A group of MPs have stated that there is “no excuse” for the government not to mandate ethnicity pay gap reporting for businesses.
On February 9, the House of Commons Women and Equalities Committee (WEC) published their report. The report calls for the government to implement a legal requirement for all large employers to publish the pay disparity for workers of different ethnicities by April 2023
The government’s lack of movement on this topic was labelled “perplexing” by the chair of the committee and Conservative MP, Caroline Nokes. “The government has no excuse. All that is lacking, it seems, is the will and attention of the current administration”
The committee has proposed a system that will seemingly mirror that of the rules for gender pay gap reporting, a requirement for businesses with 250 employees or more, since 2015. The ethnicity pay report will also include a supporting narrative and action plan discussing how the business intends to improve moving forward – something many campaigners have called to be added to the current gender pay gap reporting requirements.
Under the proposal pitched by the committee, there would also be guidance for businesses on data protection and methods for capturing, analysing and reporting data, as well as a body responsible for enforcement and what powers that body will have.
The number of employers voluntarily publishing their ethnicity pay gaps has increased to 19 per cent in 2021, up from 11 per cent in 2018 the report stated, adding that ethnically and culturally diverse businesses can be up to a third (36 per cent) more profitability than other firms.
The WEC report is the latest in a long line of publications calling for an ethnicity pay gap reporting mandate to be introduced. It follows a government-commissioned review into the progression of ethnic minority groups in the UK labour market published in 2017 and a consultation launched in 2018 by the Department for Business, Energy and Industrial Strategy (BEIS), both of which have recommended a reporting requirement.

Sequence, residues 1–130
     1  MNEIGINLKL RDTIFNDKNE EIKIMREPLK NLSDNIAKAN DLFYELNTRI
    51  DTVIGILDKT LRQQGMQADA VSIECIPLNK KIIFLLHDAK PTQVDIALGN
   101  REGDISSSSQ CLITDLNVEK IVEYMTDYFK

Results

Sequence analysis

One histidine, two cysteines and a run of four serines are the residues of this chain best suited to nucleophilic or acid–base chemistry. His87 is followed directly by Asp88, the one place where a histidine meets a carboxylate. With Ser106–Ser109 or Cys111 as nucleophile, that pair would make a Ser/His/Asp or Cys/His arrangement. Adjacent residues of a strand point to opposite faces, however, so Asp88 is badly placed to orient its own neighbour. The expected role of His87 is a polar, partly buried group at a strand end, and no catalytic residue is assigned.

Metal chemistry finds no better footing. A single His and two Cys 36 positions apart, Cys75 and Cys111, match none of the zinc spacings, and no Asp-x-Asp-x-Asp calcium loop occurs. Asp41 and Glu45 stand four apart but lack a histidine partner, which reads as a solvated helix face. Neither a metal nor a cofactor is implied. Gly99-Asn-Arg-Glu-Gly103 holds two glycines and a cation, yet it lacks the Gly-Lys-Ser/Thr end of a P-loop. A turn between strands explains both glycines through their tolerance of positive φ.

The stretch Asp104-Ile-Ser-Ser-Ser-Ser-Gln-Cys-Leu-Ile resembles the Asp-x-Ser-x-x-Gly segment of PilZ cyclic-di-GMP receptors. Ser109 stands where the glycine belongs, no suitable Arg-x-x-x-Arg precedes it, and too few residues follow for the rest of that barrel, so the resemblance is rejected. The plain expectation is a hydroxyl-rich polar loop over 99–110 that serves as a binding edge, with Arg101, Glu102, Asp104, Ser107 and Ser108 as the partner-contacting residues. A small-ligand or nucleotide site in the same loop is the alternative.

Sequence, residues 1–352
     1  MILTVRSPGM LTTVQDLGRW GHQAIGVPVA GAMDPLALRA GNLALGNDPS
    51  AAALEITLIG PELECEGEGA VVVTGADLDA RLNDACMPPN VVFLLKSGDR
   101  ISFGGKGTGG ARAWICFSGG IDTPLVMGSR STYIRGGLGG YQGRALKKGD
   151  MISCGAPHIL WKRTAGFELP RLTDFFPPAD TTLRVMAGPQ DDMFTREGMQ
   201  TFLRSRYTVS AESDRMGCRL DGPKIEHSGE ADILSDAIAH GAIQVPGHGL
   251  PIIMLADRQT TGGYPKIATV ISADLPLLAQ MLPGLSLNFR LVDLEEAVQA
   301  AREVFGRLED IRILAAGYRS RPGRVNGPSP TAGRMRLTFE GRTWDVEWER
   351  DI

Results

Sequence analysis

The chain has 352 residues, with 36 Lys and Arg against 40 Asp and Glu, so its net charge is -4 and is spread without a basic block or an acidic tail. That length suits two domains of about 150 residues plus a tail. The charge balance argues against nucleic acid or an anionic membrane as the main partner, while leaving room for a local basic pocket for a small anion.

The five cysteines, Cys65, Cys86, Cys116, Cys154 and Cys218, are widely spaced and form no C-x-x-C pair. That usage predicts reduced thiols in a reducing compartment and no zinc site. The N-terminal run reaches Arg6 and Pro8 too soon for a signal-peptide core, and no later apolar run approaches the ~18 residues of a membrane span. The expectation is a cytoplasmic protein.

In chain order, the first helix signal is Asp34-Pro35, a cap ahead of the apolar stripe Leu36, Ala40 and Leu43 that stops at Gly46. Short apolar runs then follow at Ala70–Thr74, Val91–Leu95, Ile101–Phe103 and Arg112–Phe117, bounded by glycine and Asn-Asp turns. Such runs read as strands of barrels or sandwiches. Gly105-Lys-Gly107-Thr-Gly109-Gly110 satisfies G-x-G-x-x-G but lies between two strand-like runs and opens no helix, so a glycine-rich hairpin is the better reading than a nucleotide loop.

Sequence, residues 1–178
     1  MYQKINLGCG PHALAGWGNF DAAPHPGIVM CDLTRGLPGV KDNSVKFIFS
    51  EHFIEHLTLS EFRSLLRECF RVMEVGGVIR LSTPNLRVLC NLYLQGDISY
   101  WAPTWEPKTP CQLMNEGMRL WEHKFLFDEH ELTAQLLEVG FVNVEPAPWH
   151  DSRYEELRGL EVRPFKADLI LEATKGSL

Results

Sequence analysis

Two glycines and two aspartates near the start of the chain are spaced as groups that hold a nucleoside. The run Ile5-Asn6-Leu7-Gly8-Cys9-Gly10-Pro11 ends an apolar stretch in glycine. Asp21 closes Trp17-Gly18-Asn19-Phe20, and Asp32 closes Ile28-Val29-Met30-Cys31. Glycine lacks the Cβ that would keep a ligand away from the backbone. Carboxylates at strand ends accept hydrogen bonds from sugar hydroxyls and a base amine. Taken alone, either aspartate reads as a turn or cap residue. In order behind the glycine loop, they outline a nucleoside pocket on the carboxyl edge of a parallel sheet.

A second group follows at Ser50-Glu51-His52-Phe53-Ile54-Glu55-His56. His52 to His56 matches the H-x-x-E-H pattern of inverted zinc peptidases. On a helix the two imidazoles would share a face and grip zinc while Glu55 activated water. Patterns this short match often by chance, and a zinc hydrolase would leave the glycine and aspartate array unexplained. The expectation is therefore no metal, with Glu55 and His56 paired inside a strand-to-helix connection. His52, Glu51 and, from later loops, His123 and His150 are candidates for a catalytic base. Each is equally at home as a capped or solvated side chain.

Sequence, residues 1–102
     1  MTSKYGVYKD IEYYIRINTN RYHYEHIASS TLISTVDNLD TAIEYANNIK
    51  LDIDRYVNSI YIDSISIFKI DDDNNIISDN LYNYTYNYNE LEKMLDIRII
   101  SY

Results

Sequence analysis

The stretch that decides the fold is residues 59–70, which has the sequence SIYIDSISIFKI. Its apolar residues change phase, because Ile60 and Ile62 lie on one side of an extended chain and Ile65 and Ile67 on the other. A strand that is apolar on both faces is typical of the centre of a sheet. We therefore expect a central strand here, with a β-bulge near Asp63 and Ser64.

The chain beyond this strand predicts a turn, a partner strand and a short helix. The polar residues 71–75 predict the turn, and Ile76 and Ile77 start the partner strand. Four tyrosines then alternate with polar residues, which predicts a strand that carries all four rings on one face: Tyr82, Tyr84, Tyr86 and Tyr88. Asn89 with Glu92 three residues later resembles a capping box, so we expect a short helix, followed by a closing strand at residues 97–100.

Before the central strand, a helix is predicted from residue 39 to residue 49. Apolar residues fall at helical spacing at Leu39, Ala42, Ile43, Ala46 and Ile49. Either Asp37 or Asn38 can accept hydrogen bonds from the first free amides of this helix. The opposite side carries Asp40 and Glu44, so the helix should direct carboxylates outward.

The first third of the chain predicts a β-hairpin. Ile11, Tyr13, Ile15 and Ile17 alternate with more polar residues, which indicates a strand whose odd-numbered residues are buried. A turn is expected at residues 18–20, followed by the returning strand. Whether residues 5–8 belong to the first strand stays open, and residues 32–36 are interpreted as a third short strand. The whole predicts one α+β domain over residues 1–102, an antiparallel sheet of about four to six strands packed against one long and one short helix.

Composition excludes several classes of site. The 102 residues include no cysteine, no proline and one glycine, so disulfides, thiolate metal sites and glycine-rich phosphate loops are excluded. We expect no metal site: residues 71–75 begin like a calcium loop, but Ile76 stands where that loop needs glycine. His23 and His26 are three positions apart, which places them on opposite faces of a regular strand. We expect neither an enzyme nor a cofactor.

The legal analyst at Lewis Silkin, Tom Heys, has welcomed this latest call for legislation mandating the reporting. Heys added that employers have been “kept in the dark” about the government’s intentions for three years.
“Many employers want to calculate and report their gaps, but without legislation – or even official guidance – on how to deal with the issues, it can be hard for employers to know how to approach the issue,” he said.
Support has also been voiced for the WEC’s call for a supporting narrative to be made part of the ethnicity pay gap reporting process.
Charles Cotton, senior performance and reward adviser at the CIPD, said that reporting is “not enough” to drive change. “Organisations need to interrogate the figures in order to understand the causes of racial inequality and come up with the most appropriate solutions,” he explained
Sandra Kerr, race equality director at Business in the Community (BITC), also voiced her support of the supporting narrative when reporting, “Data isn’t the sole answer to solving the inequalities that have been plaguing the UK’s workforce for far too long.”
Kerr also warned that many employers will struggle to implement reporting overnight, with many requiring internal campaigning to encourage employees to disclose their ethnicity whilst being transparent and reassuring employees where and how this data will be used and stored. “Building trust with employees on how the data will be used will be vital to making reporting ethnicity pay gaps a success”
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